Media captionHead out on a walk to clear your head on New Year's Day.

If you really want to blow off the cobwebs, join the people who mark the start of the year with a swim (or a lightning fast dip) at the Forty Foot. This year, there’s a brand new swimming spot just around the corner. The Dún Laoghaire Baths reopen to the public on December 13, and while the pool itself is yet to be complete, you can swim from the jetty that juts into the sea towards Sandycove.

Though New Year’s Day is a bank holiday, there are plenty of museums and galleries open around the city. The three branches of the National Museum of Ireland – Archaeology, Decorative Arts & History and Natural History – are all open from 1-6pm on January 1, with free admission to all. You can head into the Little Museum of Dublin for a quirky look back at the capital over the past century, from James Joyce to a whole room dedicated to U2. Tours are also running at Kilmainham Gaol, and you can wander around IMMA afterwards to catch the free Narrow Gate of the Here-and-Now exhibit before it closes on January 8. EPIC The Irish Emigration Museum is also open, and you could team it up with a visit to the Jeanie Johnston just a few minutes’ walk away.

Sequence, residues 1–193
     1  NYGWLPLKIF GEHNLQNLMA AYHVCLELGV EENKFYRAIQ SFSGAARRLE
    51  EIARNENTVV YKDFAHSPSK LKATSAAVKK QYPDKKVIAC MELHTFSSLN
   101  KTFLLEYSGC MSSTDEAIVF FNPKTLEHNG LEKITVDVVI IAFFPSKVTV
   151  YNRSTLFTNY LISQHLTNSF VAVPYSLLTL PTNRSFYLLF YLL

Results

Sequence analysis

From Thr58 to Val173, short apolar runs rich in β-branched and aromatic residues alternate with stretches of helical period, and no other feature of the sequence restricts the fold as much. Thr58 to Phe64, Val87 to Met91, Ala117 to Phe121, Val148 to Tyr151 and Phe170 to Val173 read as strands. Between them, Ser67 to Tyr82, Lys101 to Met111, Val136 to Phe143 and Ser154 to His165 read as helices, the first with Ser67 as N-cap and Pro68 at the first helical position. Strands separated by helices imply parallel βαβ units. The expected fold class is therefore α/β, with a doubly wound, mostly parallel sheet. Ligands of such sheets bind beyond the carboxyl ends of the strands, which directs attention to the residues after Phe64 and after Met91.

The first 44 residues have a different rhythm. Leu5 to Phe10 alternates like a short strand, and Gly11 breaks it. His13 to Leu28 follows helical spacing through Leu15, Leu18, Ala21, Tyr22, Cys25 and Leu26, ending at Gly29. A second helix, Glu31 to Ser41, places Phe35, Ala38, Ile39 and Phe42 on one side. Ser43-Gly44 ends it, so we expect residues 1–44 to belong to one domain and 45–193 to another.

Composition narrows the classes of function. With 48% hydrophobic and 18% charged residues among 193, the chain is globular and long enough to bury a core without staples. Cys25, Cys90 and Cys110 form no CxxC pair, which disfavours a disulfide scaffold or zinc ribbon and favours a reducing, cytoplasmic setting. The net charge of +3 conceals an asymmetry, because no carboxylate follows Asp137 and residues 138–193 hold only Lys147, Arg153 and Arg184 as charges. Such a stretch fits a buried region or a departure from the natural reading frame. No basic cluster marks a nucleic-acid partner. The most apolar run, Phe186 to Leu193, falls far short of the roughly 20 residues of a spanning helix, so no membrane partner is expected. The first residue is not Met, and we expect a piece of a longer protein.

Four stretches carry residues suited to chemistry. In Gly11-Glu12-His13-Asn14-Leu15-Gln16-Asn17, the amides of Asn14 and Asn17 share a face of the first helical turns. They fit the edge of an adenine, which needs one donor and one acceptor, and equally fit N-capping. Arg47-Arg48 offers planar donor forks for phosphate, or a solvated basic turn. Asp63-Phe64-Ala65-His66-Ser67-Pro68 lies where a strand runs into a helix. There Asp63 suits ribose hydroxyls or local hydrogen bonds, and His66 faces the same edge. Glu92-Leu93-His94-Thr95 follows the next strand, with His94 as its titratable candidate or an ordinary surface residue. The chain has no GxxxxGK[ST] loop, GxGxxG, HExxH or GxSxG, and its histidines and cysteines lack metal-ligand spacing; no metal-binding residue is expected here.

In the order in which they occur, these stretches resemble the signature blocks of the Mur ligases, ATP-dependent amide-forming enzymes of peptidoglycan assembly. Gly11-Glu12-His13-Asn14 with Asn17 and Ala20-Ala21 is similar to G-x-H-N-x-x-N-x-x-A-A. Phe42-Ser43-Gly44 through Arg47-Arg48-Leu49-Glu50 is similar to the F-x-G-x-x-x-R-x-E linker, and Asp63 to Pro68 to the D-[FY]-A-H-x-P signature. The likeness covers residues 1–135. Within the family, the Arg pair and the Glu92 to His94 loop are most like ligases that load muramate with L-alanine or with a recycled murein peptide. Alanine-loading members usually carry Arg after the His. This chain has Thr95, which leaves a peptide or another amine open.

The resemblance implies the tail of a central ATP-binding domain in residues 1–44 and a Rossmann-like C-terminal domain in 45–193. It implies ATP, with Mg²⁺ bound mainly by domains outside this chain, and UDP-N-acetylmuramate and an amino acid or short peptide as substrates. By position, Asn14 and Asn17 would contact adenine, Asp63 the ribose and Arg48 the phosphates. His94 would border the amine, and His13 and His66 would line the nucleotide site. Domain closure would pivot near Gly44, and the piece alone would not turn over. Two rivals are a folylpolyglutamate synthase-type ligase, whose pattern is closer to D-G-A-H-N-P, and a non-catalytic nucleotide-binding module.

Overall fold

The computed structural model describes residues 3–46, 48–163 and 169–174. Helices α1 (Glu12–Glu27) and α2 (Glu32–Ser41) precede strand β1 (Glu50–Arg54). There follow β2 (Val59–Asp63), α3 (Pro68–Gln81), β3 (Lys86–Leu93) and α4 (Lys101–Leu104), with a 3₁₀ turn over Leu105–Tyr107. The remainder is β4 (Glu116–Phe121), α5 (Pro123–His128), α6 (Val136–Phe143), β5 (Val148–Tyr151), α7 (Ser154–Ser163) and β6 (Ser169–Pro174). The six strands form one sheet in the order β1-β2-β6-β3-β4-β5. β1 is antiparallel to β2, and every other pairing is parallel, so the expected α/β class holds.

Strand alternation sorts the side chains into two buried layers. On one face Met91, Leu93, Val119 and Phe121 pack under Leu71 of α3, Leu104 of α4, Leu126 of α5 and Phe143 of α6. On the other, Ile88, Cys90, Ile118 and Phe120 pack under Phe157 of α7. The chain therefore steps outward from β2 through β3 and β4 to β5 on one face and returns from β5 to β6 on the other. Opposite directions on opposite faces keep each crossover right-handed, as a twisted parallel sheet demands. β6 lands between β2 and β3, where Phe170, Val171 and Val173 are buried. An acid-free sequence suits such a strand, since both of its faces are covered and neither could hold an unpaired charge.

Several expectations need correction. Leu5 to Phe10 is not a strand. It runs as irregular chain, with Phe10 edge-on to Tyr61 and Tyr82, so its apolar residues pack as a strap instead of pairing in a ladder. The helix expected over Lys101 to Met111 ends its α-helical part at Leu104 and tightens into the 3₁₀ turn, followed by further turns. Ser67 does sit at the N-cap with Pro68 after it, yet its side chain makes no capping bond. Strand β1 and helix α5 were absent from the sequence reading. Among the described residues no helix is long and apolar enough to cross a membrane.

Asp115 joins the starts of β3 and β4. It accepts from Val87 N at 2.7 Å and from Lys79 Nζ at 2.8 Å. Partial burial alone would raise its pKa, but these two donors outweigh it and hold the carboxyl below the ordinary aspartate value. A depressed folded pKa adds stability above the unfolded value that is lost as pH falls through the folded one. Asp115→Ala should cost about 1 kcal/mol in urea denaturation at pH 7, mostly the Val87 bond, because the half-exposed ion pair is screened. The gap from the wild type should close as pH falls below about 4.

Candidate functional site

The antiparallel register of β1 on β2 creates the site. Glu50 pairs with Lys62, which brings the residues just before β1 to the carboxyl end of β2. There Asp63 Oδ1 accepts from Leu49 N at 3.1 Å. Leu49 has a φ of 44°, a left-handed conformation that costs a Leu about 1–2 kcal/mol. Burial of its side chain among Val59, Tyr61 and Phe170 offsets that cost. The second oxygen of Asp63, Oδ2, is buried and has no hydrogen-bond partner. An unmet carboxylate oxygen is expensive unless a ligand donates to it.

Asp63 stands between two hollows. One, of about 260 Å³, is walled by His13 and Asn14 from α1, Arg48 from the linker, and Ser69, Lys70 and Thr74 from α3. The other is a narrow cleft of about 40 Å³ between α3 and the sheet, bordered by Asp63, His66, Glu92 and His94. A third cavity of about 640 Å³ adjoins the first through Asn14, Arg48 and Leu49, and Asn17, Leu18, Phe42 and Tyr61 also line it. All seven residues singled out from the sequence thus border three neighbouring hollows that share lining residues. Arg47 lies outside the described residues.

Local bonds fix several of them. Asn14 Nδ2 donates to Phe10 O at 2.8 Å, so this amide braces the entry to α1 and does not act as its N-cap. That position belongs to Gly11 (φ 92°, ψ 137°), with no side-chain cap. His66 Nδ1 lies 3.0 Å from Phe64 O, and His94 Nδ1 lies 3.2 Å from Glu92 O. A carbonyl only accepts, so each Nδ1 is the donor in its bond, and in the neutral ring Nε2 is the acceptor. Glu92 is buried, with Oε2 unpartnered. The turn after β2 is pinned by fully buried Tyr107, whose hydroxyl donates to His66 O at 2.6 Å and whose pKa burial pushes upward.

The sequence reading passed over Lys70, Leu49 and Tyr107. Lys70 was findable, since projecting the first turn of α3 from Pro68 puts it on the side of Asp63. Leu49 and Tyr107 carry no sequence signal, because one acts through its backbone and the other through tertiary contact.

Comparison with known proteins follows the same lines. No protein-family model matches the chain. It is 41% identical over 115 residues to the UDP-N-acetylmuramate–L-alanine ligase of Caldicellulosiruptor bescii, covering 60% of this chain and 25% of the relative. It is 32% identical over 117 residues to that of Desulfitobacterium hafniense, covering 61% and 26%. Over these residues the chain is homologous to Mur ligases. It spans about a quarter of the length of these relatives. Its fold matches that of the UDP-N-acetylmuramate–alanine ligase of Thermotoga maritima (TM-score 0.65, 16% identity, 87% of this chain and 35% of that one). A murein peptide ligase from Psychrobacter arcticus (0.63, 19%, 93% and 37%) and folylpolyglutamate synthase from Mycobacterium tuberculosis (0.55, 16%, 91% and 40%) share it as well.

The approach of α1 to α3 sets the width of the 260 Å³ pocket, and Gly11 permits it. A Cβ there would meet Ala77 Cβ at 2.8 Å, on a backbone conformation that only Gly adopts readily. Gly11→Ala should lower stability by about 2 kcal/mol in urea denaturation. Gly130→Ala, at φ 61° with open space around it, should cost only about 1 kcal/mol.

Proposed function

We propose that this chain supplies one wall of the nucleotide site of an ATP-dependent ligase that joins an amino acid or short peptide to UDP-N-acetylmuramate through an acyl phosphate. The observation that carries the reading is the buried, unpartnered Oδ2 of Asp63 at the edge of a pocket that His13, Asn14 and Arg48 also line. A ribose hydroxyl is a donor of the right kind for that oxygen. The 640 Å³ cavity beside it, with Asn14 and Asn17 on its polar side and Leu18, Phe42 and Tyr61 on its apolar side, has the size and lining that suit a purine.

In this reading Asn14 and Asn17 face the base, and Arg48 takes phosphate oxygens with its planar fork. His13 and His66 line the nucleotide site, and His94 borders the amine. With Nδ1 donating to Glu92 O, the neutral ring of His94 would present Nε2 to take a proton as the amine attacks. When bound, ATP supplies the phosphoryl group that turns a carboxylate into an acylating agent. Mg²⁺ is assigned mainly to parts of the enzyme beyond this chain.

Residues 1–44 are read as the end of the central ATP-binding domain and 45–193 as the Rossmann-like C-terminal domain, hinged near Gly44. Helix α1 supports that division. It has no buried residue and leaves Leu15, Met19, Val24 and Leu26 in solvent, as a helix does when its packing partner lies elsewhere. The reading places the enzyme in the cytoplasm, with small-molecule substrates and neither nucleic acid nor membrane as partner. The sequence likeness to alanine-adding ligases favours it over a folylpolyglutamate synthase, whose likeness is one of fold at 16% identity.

Media captionVisit the Little Museum of Dublin on New Year's Day.

Discover Dublin’s cosy pubs

If you’re looking for a laidback bar to celebrate the New Year or a peaceful pint on January 1, check out our guide to Dublin’s cosiest pubs.